Sunday, May 5, 2024

Cinco de Mayo - Family Storytime

Cinco de Mayo storytime, Latino Book Month storytime

I take a break from storytimes in May to clean, organize, and get ready for summer, so I try to make the last one a little special. Last year I did a Kentucky Derby theme, complete with hats and horses, and wanted to do something different this year. I decided to go with a Cinco de Mayo theme to celebrate Mexican-American culture and Latino books month. While I've done this theme before as a virtual program at a previous library, this was this first time I've done it as an in-person program.

I started out by greeting everyone and reminding them this would be the last storytime until the first week of June, and briefly explaining today's storytime was inspired by a special day coming up that some people celebrate called Cinco de Mayo. Then we sang our "Hello" song, followed by our warm-up song for the month, "The Wheels On the Bus".

Next I used a non-fiction book, Cinco de Mayo, by Sharon Katz Cooper to help explain what the Cinco de Mayo holiday is and how it is celebrated. I really would rather have had a book written by someone of Mexican heritage, but I wasn't able to find one (hello, series non-fiction about getting some own-voices authors???). I didn't read from the book, but showed pictures in the book as I explained that "cinco de Mayo" means "5th of May" and that while many people mistakenly believe the holiday celebrates Mexican independence, it actually celebrates a victorious battle against the French in the town of Puebla, Mexico on that date in 1862.

I further explained that in Mexico, it is a minor holiday focused on that battle, but in the United States it has become a much larger celebration of Mexican and Mexican-American heritage and culture, featuring parades and festivals with dancing, music, art, and lots of yummy foods. Since I had planned a piñata craft, but the book didn't show one, I printed out a picture of a traditional one to show them. I told them that in that vein, our stories and activities would be inspired by aspects of Mexican culture and feature Latin authors.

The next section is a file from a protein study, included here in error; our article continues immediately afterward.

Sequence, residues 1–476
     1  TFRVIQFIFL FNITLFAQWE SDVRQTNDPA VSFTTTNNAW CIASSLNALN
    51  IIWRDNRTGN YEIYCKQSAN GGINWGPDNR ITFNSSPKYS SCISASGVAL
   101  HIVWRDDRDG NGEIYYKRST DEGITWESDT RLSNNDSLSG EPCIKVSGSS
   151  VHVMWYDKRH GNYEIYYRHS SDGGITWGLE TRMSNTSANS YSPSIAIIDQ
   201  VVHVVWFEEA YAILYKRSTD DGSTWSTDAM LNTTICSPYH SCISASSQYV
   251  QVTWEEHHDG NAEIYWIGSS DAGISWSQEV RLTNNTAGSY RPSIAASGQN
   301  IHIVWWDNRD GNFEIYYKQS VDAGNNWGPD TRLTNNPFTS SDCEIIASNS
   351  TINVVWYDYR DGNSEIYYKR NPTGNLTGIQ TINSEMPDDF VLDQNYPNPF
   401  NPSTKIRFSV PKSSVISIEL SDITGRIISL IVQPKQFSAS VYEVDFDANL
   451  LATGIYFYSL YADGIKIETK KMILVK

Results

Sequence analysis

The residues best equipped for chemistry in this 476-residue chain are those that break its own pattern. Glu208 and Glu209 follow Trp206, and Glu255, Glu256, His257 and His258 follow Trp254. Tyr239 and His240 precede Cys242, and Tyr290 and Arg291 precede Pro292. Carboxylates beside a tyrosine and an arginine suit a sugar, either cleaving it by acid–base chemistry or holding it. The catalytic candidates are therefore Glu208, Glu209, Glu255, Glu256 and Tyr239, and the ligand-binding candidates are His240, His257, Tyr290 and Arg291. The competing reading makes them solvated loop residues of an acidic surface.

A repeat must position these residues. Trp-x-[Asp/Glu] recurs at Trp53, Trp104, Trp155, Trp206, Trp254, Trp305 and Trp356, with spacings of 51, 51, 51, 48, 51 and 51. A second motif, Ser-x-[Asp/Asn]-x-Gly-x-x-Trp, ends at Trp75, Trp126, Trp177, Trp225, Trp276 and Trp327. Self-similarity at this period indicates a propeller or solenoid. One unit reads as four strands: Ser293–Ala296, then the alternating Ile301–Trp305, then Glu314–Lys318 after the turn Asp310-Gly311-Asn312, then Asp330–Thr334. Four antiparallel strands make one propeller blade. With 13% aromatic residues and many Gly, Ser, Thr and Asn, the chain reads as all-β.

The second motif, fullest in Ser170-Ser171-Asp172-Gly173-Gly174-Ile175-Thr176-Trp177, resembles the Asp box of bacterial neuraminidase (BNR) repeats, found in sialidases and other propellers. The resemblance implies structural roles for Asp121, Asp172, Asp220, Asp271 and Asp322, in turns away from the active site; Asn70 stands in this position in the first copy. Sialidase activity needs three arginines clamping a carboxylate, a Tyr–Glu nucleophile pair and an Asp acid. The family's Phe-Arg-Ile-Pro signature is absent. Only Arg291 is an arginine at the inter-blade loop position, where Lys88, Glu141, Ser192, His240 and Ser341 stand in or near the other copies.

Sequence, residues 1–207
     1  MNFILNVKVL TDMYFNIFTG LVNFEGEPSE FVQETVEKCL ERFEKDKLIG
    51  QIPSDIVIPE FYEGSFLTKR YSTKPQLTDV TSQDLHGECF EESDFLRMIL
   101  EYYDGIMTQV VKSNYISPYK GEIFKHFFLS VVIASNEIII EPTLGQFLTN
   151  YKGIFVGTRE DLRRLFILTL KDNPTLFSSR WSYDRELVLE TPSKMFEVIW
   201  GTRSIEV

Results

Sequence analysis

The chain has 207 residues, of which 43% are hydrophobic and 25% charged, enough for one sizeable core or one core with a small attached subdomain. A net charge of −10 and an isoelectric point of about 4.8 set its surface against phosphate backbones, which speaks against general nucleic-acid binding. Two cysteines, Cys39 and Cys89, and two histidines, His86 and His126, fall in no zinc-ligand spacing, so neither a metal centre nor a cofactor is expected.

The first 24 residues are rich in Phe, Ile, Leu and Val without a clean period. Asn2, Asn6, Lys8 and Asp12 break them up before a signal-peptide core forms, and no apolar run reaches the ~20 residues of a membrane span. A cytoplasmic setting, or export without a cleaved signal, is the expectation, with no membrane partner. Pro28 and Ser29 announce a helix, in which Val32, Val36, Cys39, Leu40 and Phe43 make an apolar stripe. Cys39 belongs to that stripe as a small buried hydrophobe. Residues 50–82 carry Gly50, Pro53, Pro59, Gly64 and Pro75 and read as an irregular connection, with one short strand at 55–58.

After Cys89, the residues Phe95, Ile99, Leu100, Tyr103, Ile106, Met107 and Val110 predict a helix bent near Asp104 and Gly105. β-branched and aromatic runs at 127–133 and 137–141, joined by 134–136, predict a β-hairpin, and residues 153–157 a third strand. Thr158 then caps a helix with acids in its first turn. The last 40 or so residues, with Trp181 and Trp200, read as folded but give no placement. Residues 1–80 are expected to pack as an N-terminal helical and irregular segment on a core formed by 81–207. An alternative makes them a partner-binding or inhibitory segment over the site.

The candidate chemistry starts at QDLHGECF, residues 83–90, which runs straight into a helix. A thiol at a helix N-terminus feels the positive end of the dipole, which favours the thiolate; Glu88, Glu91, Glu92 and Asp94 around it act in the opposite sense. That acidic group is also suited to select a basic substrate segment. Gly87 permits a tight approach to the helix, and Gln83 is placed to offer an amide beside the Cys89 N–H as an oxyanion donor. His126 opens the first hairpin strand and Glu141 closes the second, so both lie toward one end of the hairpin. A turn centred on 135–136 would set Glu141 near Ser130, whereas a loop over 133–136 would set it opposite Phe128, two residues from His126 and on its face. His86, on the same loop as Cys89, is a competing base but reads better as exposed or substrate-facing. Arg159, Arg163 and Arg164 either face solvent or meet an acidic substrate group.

Our first story wasn't necessarily related to Cinco de Mayo or celebrations, but featured something uniquely Mexican, the dramatic performance wrestling knows as the lucha libre! In Lucía the Luchadora by Cynthia Leonor Garza and Alyssa Bermudez, the main character loves playing superhero, but becomes upset when the boys say that girls can't be superheroes. Her abuela comes to the rescue with a story about the luchadores of lucha libre and a shiny, silvery cape and mask.

This is a fun read aloud with lots of action, that also provides an important message that girls can also be superheroes, luchadoras, or whatever they want, and they don't have to just be "sugar and spice, and everything nice" all the time. It also shows that you don't have to hide your skills and accomplishments, and that by "removing your mask" you can help inspire and encourage others.

After that we practiced counting in Spanish, and learned the Spanish words for "friend" and "I have" with a simple counting song:

Tengo Diez Amigos
("I Have 10 Friends")

Uno, dos, tres amigos;
(One, two, three friends)

Cuatro, cinco, seis amigos;
(Four, five , six friends)

Siete, ocho, nueve amigos:
(Seven, eight, nine friends)

Tengo diez amigos!
(I have ten friends!)

For our second story I selected Paletero Man! by Lucky Diaz and Micha Player, which is based on the author's song of the same name. Diaz is not only an author, but also a popular Latin Grammy-winning "kindie" musician from the Los Angeles area. This was also a really fun read aloud, with a nice rhythm, repeating elements, and a sprinkling of Spanish words and phrases throughout, which I translated as I read. The story is about a boy who thinks an icy cold paleta (Mexican ice pop) would be the perfect treat on a hot day in Los Angeles.